The Wisdom of George Carlin

George Carlin (1937–2008) was an American original. Love him or hate him, he was one of the most influential comedians of all time. In their list of the 100 greatest stand-up comedians of all time, Comedy Central ranked Carlin number two (Richard Pryor was ranked first). In 2008, Carlin was posthumously awarded one of comedy’s highest honors: the Mark Twain Prize for American Humor.

Carlin was the thinking person’s comedian — his razor-sharp, incisive rants about politics, culture, religion, philosophy, and language were not only funny, they were compelling and thought-provoking. Long after watching a Carlin performance, you actually remembered what he had to say because in most cases he was right — the world is messed up (not his exact words, if you know what I mean).

Like Twain, Carlin was a fearless critic always ready and willing to speak his mind — passionately and eloquently; and, in the case of his notorious “Seven Dirty Words” routine — with great vulgarity (much to the consternation of the FCC). Although Carlin had a brilliant sense of humor, he took his role as social critic very seriously: “They say underneath a cynic is a disappointed idealist,” he said in an interview. “And that is what I am. And that flame can be rekindled, no doubt. But I’d rather take the comfort of the skeptic’s role and say, ‘You worry about it. I’ve got a job, and my job is making fun of it and showing people how badly they are doing.’” And when you hear Carlin’s words, you realize just how very relevant he is in the topsy-turvy Trumpian world. Here are excerpts of Carlin speaking his mind, in his inimitable way, during an interview in 2004.

On freedom of choice: “Yes, you can [vote for president], but you don’t get much choice in this country about important things. They have all the guns. They have all the tools. They have all the power. We call it freedom of choice. There is an illusion of choice. Americans are led to feel free through the exercise of meaningless choices. There are only two political parties. There is a reduction of the number of media companies. Banking has been reduced to only a handful of banks. Oil companies. These are important, and you’re given very little choice. Oh, but the flavor of jellybeans? The flavor of muffins? A bagel? You can get a Pina Colada bagel. We’re given the illusion of choice by the meaningless of choices of trivial things. You know what your freedom of choice in America is? Paper or plastic, buddy? That’s it. After you’ve said cash or charge, maybe it’s Pepsi or Coke? Window or Aisle? Smoking or [Nonsmoking]?. Everything else you’re kinda guided towards by focus groups and marketing research.”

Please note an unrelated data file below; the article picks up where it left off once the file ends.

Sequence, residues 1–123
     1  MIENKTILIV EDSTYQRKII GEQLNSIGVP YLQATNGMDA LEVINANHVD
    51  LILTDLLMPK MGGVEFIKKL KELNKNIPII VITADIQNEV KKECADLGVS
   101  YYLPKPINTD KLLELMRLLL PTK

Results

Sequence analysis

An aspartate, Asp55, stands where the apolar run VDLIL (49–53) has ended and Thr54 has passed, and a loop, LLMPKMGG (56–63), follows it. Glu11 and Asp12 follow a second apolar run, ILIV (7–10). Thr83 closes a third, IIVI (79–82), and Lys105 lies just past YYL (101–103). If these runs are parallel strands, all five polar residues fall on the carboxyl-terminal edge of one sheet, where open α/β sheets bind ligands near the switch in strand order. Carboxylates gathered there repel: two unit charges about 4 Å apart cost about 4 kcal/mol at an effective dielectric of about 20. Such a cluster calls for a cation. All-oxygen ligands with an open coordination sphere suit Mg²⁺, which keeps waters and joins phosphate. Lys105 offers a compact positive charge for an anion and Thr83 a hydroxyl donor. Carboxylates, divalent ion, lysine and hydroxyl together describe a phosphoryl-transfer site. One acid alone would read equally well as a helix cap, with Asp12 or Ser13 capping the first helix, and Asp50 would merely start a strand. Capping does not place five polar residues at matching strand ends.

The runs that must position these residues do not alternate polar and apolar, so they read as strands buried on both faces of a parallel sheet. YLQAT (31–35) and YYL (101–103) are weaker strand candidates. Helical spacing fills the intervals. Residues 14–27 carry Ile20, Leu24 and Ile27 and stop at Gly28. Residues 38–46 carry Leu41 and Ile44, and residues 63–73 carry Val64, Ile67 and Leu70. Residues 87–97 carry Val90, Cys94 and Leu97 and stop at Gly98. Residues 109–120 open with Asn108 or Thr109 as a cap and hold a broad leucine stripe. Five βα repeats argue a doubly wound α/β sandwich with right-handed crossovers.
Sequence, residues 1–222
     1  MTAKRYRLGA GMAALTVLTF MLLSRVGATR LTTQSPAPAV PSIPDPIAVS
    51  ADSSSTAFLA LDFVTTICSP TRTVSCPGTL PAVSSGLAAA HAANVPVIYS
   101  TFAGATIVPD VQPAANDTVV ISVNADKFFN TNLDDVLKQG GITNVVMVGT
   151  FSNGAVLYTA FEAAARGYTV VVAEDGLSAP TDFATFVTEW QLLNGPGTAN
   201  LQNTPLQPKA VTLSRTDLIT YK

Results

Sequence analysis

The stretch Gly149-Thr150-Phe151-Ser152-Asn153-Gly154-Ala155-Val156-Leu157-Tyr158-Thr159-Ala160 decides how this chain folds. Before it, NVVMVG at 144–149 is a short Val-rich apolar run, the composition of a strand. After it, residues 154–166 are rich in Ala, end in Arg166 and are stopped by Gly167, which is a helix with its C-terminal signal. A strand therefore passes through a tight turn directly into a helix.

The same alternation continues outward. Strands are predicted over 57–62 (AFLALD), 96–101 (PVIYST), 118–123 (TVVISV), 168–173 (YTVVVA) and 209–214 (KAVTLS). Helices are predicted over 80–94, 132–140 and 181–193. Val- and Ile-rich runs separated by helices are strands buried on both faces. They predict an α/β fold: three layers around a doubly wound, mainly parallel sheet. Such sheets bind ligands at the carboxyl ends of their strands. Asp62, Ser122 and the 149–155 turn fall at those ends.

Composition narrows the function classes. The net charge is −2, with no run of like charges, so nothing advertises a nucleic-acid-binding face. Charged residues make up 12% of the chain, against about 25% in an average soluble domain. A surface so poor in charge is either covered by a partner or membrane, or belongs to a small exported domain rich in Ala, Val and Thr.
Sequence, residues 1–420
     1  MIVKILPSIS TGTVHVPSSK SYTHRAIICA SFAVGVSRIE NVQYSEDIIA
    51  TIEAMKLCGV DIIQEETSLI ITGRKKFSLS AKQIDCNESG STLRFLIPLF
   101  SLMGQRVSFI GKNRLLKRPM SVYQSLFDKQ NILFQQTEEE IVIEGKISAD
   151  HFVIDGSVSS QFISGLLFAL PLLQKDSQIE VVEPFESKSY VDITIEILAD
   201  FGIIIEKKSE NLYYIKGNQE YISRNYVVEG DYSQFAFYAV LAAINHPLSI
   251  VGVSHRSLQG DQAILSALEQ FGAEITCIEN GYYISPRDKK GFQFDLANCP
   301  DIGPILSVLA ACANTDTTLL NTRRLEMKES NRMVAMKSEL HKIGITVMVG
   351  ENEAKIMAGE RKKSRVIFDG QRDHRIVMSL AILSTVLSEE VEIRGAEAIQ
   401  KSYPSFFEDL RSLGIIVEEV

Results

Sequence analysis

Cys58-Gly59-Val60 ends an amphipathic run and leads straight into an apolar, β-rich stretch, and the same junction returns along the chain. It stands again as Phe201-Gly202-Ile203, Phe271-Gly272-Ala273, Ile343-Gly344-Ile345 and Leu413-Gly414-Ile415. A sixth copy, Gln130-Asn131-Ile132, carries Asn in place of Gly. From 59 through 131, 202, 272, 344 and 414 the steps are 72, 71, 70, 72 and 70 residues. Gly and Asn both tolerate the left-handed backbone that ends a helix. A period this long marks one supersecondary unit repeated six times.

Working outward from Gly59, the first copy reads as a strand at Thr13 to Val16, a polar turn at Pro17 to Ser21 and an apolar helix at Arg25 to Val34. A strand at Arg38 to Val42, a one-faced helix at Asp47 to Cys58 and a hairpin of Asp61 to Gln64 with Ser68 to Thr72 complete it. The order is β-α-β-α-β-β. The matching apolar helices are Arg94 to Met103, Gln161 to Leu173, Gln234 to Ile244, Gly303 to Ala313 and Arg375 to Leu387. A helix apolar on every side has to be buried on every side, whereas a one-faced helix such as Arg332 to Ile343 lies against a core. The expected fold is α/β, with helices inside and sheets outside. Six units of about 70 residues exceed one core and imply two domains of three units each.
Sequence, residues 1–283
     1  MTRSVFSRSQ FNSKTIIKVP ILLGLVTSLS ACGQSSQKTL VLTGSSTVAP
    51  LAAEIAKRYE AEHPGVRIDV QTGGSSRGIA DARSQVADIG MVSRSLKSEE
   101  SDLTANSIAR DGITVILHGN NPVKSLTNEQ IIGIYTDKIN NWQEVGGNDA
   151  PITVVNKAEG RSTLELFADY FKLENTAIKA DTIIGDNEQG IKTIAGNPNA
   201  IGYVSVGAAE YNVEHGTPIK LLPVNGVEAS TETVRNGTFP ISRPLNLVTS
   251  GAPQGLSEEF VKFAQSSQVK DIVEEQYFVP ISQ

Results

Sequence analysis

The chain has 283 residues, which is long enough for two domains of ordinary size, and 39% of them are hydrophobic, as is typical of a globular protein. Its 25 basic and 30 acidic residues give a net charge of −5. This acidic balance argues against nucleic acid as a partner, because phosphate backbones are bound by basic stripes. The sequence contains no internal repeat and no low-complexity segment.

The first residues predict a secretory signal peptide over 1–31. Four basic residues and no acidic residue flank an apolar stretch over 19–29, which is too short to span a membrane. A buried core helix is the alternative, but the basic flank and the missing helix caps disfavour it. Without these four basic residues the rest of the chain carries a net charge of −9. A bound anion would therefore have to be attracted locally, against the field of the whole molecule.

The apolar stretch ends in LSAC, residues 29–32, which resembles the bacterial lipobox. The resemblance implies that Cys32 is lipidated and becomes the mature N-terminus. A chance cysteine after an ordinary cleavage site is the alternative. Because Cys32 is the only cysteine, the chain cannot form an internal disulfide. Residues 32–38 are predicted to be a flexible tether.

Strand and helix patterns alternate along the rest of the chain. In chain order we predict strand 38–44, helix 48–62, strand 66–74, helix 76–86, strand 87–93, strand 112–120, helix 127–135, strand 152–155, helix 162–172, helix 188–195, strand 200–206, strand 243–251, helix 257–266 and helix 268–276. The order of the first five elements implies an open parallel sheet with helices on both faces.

On the state of the country: “This country is a freak show. It’s circling the drain. This culture has been, for some time and the circles are getting smaller and tighter and faster. And I revel in it. I am a critic of it all because I think it’s a fascinating drama in self-destruction.”

On the government’s response to terrorism: “The events in downtown Manhattan [911] created this Patriot Act, which was rushed through and puts the Bill of Rights in further shreds — beyond what had already been done to it. And there is a faction of the ‘ownership class’ in this country that would like to restrict all of our liberties. They need to make us free enough to go to the mall and buy their garbage. But pin us down and lock us down enough so that we are controllable. Fascism always does that. The excuse is that there is an enemy that we all have to line up against. Terrorism has created this climate. The psychological atmosphere around is permeated with these fears and quick solutions.

On the gradual erosion of civil liberties: “People don’t believe that because everybody wants a jet ski. It’s all about the pursuit of goods and acquisition. This country has become a nation of people selling each other cheeseburgers and sneakers. It’s an appalling degradation. They call it the American Dream. Why? Because you have to be asleep to believe in it.”

On improving the world: “The way the world operates, anyone who told us that it was good to treat each other nicely was killed. Jesus Christ, Gandhi, Lincoln, Martin Luther King, The Kennedy Brothers. If you told people, ‘Be nice to each other,’ that was the end of you.”

On how he wants to be remembered: “I want to be remembered as having a large output of work that got increasingly better. My epitaph should say: ‘He was here a minute ago. Where did he go to? He was just here.’”

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If you enjoyed this: I write at Atkins Bookshelf, the blog that explores the world of ideas — through books, movies, music, quotations, and the English language — for the intellectually curious. The goal of Bookshelf is to educate, entertain, and inspire. At the heart of Bookshelf is a lifelong love of books and literature. Join here: https://atkinsbookshelf.wordpress.com

President of Alexander Atkins Design, a leader in philanthropic graphic design for nonprofits & schools; author of Serendipitous Discoveries from the Bookshelf.

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